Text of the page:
Etta Wedell Mastbaum

September 6, 1886–November 1, 1953

by David Alan Rego

In Brief

Etta Wedell Mastbaum’s collection of Auguste Rodin’s sculptures, letters, and memorabilia helped preserve the artist’s work for generations to enjoy. While travelling in Europe with her husband, the couple fell in love with and began collecting Rodin’s work from each stage of his career, so as to create a full picture of his life and artistry. Based on her collection, one of the largest Rodin collections in the world, Mastbaum opened a lavish museum in Philadelphia in 1929 and was decorated by the French government for her work in honoring the sculptor. After her husband’s death, Mastbaum ran his business, served as an executive of Lit Brothers (a department store her mother and uncles had founded in Philadelphia), and ran several local charities.

Etta Wedell Mastbaum was the scion of a prominent nineteenth- and twentieth-century Philadelphia family. A philanthropist, department store executive, art collector, and director of a national chain of motion picture theaters, Mastbaum donated a collection of Rodin sculptures and ephemera to the city of Philadelphia.

Early Life and Education

She was born Etta Lit Wedell on September 6, 1886, in Philadelphia, the daughter of Rachel Lit and Philip M. Wedell. Mastbaum’s mother established a modest dress and millinery shop in Philadelphia in 1891. With her brothers, Samuel and Jacob Lit, the store expanded and became Lit Brothers Department Store, occupying an entire city block in a new building constructed in 1906. The store was sold in 1928, with the Lit family continuing in an executive role. By the 1960s, Lit Brothers was the largest department store chain in the region.

After graduating from high school, Etta attended the Philadelphia Seminary for Women. On January 19, 1904, she married Jules E. Mastbaum, a proprietor of a chain of motion picture theaters stretching from New York to West Virginia. The marriage was a union of two prominent Philadelphians.

Collecting Rodin

Traveling in Europe in 1924, the Mastbaums discovered the work of sculptor Auguste Rodin. After convincing the curator of the Musée Rodin to sell them a small bronze piece, the Mastbaums’ interest in Rodin led to many acquisitions of sculptures in bronze and plaster, bas-reliefs, drawings, ephemera, books, and letters written by Rodin. Acquiring items representing each phase of Rodin’s career, Etta and Jules Mastbaum sought to create a collection that would provide a comprehensive view of Rodin’s life and work. Their collection became second only to Rodin’s own donation to France at his death in 1917.

The Mastbaums were given permission by the government of France to amass this collection with the provision that the objects be exhibited in a permanent structure open to the public. Thus, Jules Mastbaum wrote to the commissioners of Philadelphia’s Fairmount Park, offering to build a museum and provide funds to maintain the collection as long as it could be housed there. Permission was granted, and Jules Mastbaum commissioned French architect Jacques Gréber, designer of the Benjamin Franklin Parkway, to work with the Philadelphia firm of Paul Cret in designing a beaux-arts structure to house the collection.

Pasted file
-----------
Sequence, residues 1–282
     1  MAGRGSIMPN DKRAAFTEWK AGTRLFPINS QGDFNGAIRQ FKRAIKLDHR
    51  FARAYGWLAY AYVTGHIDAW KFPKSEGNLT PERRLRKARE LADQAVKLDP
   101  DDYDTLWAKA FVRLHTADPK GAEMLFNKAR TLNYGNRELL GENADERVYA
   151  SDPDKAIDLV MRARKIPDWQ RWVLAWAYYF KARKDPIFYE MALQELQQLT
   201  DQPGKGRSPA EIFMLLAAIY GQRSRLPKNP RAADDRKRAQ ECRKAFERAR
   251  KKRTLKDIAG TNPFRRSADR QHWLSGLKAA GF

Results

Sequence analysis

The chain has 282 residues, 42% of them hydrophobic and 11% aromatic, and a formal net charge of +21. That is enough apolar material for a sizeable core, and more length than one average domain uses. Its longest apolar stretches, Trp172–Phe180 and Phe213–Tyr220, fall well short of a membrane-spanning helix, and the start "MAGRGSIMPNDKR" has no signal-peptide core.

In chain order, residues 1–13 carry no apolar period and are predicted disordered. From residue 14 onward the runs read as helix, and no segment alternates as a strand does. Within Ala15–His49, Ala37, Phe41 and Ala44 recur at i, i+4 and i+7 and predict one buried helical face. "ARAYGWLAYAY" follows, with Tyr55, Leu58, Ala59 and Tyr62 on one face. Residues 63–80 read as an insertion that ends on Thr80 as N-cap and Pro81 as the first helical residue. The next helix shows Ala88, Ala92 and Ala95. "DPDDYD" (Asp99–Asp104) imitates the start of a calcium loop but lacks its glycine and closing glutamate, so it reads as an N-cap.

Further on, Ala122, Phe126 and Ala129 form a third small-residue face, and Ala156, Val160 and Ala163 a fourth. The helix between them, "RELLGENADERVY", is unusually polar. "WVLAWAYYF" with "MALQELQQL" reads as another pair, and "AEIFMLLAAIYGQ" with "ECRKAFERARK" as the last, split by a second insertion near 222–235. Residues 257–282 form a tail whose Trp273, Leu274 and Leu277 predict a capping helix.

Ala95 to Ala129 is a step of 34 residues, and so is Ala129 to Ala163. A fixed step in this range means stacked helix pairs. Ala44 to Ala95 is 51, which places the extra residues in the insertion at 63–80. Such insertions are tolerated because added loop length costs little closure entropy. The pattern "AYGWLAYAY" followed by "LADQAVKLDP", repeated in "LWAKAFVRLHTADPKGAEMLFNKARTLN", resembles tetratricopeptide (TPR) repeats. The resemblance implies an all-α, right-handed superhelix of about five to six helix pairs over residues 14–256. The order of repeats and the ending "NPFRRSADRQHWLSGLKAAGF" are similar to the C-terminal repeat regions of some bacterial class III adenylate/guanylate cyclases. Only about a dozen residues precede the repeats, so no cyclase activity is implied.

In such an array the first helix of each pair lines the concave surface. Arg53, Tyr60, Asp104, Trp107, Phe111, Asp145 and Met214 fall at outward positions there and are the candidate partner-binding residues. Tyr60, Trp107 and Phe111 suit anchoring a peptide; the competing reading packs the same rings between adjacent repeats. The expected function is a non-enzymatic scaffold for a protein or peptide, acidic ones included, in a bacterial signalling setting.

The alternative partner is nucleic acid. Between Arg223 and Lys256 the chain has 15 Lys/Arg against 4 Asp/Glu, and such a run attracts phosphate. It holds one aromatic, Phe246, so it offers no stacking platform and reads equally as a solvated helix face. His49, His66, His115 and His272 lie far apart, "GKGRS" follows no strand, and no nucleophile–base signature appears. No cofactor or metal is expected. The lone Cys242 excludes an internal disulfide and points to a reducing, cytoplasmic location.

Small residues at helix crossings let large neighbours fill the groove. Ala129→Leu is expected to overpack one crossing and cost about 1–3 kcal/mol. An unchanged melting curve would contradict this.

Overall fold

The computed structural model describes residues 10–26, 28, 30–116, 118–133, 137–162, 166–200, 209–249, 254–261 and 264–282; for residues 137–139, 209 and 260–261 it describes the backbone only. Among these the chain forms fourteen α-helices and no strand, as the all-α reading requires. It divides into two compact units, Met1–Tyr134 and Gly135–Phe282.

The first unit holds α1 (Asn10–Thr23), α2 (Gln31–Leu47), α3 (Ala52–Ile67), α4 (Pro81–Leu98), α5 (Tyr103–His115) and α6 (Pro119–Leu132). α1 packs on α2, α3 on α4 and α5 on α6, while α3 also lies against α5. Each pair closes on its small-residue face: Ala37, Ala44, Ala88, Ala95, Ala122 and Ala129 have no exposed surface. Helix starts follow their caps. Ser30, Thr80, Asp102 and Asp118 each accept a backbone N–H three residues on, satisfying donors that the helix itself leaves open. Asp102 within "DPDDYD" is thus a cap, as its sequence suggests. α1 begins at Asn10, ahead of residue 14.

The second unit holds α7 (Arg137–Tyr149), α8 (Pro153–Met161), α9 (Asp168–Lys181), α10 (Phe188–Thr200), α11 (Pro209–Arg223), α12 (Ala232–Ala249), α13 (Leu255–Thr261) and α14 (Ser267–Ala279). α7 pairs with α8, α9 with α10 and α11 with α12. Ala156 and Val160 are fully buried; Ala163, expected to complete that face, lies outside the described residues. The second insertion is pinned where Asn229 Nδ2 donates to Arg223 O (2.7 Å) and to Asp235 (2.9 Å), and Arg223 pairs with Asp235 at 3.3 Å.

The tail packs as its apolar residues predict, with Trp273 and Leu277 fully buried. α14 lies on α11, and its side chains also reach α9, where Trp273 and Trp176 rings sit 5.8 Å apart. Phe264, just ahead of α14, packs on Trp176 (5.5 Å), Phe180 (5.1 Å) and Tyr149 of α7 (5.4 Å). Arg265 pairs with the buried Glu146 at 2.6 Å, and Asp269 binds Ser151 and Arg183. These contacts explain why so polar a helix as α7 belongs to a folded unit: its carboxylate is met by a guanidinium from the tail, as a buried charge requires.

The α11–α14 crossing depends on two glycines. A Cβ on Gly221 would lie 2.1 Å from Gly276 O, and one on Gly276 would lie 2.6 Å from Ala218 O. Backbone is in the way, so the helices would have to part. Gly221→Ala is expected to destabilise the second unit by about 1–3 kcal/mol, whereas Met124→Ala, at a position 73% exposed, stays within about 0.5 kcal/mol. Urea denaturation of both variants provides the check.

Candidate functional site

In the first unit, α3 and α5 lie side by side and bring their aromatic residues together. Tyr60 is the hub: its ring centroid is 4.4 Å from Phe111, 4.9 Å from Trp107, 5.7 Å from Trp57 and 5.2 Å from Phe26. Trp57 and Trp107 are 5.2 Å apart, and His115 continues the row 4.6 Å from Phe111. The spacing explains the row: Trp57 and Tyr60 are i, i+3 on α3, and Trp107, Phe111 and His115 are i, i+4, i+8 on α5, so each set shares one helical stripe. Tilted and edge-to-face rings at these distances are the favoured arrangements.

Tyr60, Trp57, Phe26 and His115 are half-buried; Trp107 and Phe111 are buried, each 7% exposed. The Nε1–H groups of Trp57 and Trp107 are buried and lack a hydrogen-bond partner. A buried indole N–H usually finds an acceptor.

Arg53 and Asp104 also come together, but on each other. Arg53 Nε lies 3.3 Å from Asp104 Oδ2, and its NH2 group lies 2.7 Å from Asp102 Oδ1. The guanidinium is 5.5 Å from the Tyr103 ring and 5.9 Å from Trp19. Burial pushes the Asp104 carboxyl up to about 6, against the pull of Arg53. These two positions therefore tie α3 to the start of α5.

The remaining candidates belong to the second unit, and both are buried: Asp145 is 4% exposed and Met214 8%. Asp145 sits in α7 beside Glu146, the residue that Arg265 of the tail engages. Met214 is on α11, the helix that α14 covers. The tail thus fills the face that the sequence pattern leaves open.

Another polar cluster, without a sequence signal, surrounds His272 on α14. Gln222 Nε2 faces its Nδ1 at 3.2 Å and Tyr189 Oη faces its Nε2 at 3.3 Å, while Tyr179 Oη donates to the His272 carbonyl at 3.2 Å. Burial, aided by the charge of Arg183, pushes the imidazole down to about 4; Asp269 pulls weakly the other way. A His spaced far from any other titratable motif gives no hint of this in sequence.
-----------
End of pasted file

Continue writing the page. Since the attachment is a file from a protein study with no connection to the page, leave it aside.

While the French Art Commission sought assurance that the collection would be publicly displayed, there was no requirement that the collection itself be owned by the public. But Jules Mastbaum’s unexpected death in 1926 led Etta Mastbaum to donate the collection in its entirety to the people of Philadelphia. Dedicated in 1929, the gift by Etta Mastbaum and her daughters Louisette, Margery, and Elizabeth to the city of Philadelphia in honor of Jules E. Mastbaum helped establish that city as the most important center for the study of nineteenth- and twentieth-century French sculpture in the Americas. Prior to the death of Jules Mastbaum, the Mastbaum family funded repairs to Rodin’s house and studio at Meudon, and donated a bronze cast of Rodin’s Gates of Hell. Never cast in the sculptor’s lifetime, Gates of Hell was considered one of Rodin’s most important works. For these efforts, Etta Mastbaum was decorated by the government of France.


After her husband’s death, Etta Mastbaum assumed control of his business and financial interests. A director of the Stanley Company of America, she also served her family’s interest as an executive of Lit Brothers. As second vice president of the Mastbaum Loan System, a society providing financial assistance to the needy, Etta Mastbaum furthered her husband’s memory. She was also active in the Red Cross and in Emergency Aid of Philadelphia and was a member of Philadelphia’s Congregation Mickve Israel.

Etta Mastbaum died in New York City at her residence in the Waldorf Towers on November 1, 1953, at age sixty-seven.


EJ, s.v. “Lit family”;

Obituary. NYTimes, October 3, 1953, 17:6;

Riopelle, Christopher [associate curator of European painting before 1900, Philadelphia Museum of Art]. Interview with author, June 1996;

Tancock, John L. The Sculpture of ... Rodin (1976);

Tschirch, John [architectural historian, Preservation Society of Newport County]. Interview with author, June 1996;

Watkins, Fridolyn G., comp. Catalog of the Rodin Museum of Philadelphia. Rodin Museum of Philadelphia (1929);

WWIAJ (1928).

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How to cite this page

Rego, David Alan. "Etta Wedell Mastbaum." Shalvi/Hyman Encyclopedia of Jewish Women. 27 February 2009. Jewish Women's Archive. (Viewed on May 29, 2024) <>.